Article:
I did a post last night called the poverty trap laying out the bleak situation many people are finding themselves in.
Job losses, rising prices, shrinking incomes. Not a great future for Kiwis, let alone our kids.
Despite the government spin, the economy isn’t in good shape. Look at our government debt and how it has ballooned. And how it will balloon left unchecked.
We need a plan to turn things round. A bold plan to stop our valuable assets being flogged off overseas, to give hard-working Kiwis a break, pay off the country’s ballooning debt and grow our economy. Here’s what we’ve said so far.
People need wages they can live on. A minimum wage that allows people to keep up with the cost of living.
Labour promises a $15 hour minimum wage.
We need to increase our savings and investments in a productive economy. We need to rebuild our economy on the back of exports. Not by selling our assets.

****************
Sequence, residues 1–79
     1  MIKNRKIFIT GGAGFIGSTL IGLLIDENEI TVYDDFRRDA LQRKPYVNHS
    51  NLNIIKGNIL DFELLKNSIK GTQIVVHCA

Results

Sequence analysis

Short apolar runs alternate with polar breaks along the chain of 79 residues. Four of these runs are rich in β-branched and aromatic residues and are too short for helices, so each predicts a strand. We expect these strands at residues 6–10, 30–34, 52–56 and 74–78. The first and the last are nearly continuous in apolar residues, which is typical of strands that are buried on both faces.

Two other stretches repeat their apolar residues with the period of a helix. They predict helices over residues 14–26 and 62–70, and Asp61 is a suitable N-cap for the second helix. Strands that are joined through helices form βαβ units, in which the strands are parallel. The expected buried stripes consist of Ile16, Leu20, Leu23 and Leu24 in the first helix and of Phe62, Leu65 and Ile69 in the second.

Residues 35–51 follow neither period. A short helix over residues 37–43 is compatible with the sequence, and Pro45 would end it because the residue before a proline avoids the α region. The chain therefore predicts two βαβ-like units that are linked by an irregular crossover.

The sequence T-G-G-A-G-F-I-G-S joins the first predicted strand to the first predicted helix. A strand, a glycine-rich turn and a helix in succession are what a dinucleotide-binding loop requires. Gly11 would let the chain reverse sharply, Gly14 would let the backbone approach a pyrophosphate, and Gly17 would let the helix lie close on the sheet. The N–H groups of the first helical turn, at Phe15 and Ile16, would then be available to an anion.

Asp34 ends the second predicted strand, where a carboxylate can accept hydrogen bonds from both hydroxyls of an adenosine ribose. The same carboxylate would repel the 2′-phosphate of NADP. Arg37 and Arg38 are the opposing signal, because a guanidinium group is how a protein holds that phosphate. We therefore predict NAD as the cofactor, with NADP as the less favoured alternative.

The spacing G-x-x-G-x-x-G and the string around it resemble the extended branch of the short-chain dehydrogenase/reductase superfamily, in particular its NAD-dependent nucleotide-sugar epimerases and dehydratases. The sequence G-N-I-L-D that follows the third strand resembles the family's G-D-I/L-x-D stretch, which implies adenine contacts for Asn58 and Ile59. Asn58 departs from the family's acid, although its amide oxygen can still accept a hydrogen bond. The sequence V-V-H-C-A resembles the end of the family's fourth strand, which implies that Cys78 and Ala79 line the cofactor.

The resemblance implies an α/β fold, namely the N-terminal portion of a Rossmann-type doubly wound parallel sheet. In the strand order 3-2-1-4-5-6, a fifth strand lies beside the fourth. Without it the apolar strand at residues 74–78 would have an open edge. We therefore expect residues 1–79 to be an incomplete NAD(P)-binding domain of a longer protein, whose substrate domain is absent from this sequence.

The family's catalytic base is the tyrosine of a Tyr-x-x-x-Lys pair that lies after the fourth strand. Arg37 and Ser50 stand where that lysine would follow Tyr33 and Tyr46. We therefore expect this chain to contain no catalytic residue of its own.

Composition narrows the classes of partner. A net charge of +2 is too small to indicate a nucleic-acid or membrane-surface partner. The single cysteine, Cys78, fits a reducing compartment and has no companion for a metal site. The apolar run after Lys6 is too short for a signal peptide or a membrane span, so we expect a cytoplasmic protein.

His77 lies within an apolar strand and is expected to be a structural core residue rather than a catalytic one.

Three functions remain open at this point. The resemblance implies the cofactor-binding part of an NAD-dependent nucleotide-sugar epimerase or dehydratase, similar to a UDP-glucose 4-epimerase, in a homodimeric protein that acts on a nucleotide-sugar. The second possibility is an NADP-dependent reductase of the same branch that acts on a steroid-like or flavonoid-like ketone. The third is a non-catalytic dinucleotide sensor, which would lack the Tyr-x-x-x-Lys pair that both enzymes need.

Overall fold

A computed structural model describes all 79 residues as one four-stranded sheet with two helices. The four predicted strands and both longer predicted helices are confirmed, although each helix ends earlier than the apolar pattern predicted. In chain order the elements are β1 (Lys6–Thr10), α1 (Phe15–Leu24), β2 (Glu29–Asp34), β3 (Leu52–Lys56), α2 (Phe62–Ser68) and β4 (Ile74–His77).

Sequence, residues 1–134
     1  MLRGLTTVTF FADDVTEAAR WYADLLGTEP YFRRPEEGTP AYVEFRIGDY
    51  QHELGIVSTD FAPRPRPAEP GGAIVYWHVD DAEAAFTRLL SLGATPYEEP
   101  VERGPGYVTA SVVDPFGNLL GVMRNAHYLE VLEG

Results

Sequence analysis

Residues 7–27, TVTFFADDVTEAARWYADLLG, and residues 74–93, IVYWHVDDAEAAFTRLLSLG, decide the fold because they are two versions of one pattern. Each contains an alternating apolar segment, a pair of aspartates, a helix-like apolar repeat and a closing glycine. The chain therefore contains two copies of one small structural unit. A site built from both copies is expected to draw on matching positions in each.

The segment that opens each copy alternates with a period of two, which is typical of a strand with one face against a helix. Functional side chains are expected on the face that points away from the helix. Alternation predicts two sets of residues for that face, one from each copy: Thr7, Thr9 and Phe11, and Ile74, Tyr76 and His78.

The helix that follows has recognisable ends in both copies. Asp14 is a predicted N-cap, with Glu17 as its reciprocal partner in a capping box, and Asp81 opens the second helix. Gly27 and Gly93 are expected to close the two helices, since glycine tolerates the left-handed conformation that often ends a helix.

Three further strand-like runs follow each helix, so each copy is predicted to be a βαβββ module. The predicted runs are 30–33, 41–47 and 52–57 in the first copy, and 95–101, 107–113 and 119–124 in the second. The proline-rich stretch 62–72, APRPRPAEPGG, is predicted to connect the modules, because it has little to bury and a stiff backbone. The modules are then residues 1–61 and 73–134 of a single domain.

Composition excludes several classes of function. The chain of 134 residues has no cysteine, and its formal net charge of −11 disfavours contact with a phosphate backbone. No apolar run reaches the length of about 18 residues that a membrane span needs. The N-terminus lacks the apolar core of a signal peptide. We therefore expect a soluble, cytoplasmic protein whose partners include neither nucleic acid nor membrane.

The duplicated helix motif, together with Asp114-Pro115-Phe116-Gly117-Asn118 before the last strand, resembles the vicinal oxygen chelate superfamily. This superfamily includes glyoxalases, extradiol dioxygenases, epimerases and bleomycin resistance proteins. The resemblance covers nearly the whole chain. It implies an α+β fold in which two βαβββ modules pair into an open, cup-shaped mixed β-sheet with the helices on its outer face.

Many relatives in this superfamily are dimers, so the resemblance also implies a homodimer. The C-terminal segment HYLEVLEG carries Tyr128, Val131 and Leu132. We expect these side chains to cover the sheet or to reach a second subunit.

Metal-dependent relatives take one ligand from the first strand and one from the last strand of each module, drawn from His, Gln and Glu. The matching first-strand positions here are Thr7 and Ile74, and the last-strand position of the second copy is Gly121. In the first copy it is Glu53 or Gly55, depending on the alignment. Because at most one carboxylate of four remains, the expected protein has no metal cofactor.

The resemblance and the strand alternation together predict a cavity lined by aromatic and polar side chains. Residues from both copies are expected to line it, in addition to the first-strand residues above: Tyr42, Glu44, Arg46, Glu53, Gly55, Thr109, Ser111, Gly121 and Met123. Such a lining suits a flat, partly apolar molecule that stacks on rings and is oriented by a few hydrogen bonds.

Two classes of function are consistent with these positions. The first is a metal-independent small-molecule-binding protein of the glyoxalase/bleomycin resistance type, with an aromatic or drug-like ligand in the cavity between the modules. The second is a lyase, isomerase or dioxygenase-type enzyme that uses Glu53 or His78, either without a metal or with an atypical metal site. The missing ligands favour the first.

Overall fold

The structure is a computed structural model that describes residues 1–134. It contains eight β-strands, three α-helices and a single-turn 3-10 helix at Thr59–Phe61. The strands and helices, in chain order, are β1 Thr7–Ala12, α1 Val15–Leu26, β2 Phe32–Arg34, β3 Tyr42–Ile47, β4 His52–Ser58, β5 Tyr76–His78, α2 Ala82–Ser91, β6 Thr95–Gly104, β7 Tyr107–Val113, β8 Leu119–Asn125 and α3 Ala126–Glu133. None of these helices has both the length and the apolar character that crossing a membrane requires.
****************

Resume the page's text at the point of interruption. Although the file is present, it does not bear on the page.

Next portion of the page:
Labour will not sell state assets. You’ll have to wait for policy announcements on the other matters.
We need a fairer tax system where everyone pays their share
The first $5000 of your income, will be tax free.
GST will come off fresh fruit and veges.
Labour will introduce a capital gains tax. It’s predicted the tax will raise $26 billion over 15 years that can be used to pay off
debt, cut taxes for most New Zealanders, save our assets and prepare for the mounting cost of our aging population.
Labour will also put the top tax rate back up to 39 cents for income earned over $150,000.
That’s likely to affect around 2% of the country’s top earners.
A CGT is already in use in nearly all developed countries, including Australia, the United Kingdom and United States.
And Labour will use major government contracts to back New Zealand firms instead of exporting jobs offshore as National is doing.
Cost and quality will continue to be paramount considerations under Labour. But the new procurement policy will in future require companies like KiwiRail anf Govt depts and agencies to consider wider economic benefits rather than just taking a narrow accounting approach. As with CGT, most other countries have strong policies to back local industries and local jobs.
This is for starters. There’s more coming.